Sitting here at my desk in Berlin, I'm getting three signal strength bars for my cellular network unless I deliberately cover up the antenna on the back of the handset, in which case it drops to two bars. The lack of HSPA+ support in the Nexus S for a T-Mobile USA subscriber could be a sore spot for some, but here in Germany it is meaningless.

Wi-Fi strength is another matter. Laying the handset on my desk, it indicates full signal strength to my router. Picking it up with my hand, and I'm already seeing one less bar. As was the case with the cellular network, if I deliberately cover up the antenna, the displayed signal strength decreases yet another bar, even though my 802.11 b router is just down the hall.

The rear speaker on the Nexus S can pump out the tunes pretty loudly, and yet manages to still produce clear audio and an acceptable amount of bump. It feels like Samsung put the same speaker in the Nexus S that they used in the Galaxy S, and that is a very good thing.

Other Features (or lack thereof)

Aside from the Nexus S itself, the US version came packaged with a small safety and warranty booklet, a paid of earbuds, a T-Mobile USA SIM card, a ~5' USB to microUSB cable, and a USB charger that fits US power sockets.

No microSD card slot (or any form of expandable memory) is a major problem for some consumers in the market for a smartphone. I have an 8GB microSD card sitting in my old G1 that is not even half full, and while it pains me a bit to see it sitting there not doing anything, I don't feel like I'm missing out on anything. The 16GB of internal storage on the Nexus S are, for me, more than enough to hold the videos, apps, pictures, and music that I would want to store on there.

The NFC technology, as I said in my early thoughts about the handset, is useless for me at this point in time. While the chip inside the phone has read and write support, the write support has not yet been activated. However, even the read ability is mostly pointless for me, as I have yet to stumble upon a situation where I have noticed it would be useful.

Current lack of FM radio support is a bit of a sore spot for me. Both the Nexus One and the Nexus S have chips which can support FM radio, but for some reason, Google has not put the effort into giving the Nexus phones this feature. I'm hoping that we will see an update with this ability in Honeycomb or somewhere in between. If we don't, I won't be too upset, but it would raise some more questions for me.

Final Thoughts

While the Nexus S shares many components with the Galaxy S, a phone which has been on the market for quite some time, I feel like it is an entirely different creature. The Nexus S will likely be my private phone for the next two years or so, and I am very happy about that, as the Android experience I'm having with this phone is the best I've had yet.

If I had to give the Nexus S experience a score from 1 to 10, I'd say it deserves an 8.5. There are some really great additions in addition to top-of-the-line hardware which combines into a great machine. The software has improved significantly, and makes the new Android OS feel much more mature than in previous versions. There are still some software issues that need and can be taken care of in updates, but once Google gets those things sorted out, we'll have an even better phone.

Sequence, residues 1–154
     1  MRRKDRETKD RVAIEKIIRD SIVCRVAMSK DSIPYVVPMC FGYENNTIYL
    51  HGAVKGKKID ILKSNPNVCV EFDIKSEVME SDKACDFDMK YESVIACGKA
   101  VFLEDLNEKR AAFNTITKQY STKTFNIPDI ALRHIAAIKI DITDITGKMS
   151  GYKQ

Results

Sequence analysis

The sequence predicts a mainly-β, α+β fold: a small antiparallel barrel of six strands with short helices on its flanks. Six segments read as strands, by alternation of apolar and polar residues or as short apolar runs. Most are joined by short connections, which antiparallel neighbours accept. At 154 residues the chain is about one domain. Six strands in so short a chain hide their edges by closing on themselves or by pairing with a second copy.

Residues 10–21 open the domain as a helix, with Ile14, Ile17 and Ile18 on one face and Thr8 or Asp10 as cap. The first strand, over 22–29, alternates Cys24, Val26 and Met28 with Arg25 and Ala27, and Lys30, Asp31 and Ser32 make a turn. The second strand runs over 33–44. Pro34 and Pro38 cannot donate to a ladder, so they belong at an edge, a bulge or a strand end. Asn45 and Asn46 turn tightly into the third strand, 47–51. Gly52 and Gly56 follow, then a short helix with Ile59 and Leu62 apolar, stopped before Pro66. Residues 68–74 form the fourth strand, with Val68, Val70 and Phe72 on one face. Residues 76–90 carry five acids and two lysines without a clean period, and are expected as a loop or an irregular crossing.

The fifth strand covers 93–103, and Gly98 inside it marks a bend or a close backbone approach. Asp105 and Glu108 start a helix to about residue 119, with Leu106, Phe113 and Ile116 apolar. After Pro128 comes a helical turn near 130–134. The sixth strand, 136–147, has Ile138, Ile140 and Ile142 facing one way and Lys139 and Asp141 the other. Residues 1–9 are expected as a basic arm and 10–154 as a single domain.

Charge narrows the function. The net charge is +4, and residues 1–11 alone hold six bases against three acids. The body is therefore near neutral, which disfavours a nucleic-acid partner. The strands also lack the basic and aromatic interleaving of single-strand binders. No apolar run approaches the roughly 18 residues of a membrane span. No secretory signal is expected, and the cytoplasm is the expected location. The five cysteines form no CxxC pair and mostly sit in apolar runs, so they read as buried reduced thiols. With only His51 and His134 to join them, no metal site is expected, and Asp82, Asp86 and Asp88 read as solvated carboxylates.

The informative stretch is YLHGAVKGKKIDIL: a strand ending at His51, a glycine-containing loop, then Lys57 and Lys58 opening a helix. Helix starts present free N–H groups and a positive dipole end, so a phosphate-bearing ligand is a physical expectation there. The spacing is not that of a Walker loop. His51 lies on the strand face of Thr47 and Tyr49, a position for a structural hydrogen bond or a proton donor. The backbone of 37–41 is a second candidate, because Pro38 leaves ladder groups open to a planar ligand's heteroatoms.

This phone is not for every consumer who is looking for a smartphone. Instead, I would recommend this phone to any individual who is serious about smartphones and wants to have great performance and freedom now, as well as the ability to contine to get great support in the future. Google seems to be pushing this handset more than they did with the Nexus One, but only time will if this device proves to be a hit with a larger audience.

In closing, I think that we have yet to see the limits of what the Nexus S can do. We need more time to pass before we can truely appreciate some of the technology and innovation this phone has to offer.

Source: AndroidPIT

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  • Douglas Carter 26
    Douglas Carter Jan 22, 2011 Link to comment


  • Gamal hussein 3
    Gamal hussein Jan 22, 2011 Link to comment

    Douglas you live in Germany , did you get your phone from the us?

  • Douglas Carter 26
    Douglas Carter Dec 31, 2010 Link to comment

    NFC is Near Field Communication. It is a form of wireless communication usually consisting of a reader chip in a handset and a transmitter in some object. You can put your handset within ~2 inches of a transmitter chip and your phone will read the information packed onto the chip.

  • Jeremiah 20
    Jeremiah Dec 31, 2010 Link to comment

    Great review. Could you explain what NFC is? You mentioned it under communications feature, but I haven't heard of it before.

  • Michael W. 15
    Michael W. Dec 30, 2010 Link to comment

    A very good article, interesting to read and covering all subjects I expected. Thanks a lot!

  • Douglas Carter 26
    Douglas Carter Dec 30, 2010 Link to comment

    Good catch, fixed.

  • 47
    Deactivated Account Dec 30, 2010 Link to comment

    Great job and well done Douglas!!!

    Only one remark, a-gps is not a communication feature .. it is a navigation feature :)

  • Douglas Carter 26
    Douglas Carter Dec 29, 2010 Link to comment

    I know it's a big read, so if you made it through the whole review, I'm glad. Feel free to ask any questions that were not already covered.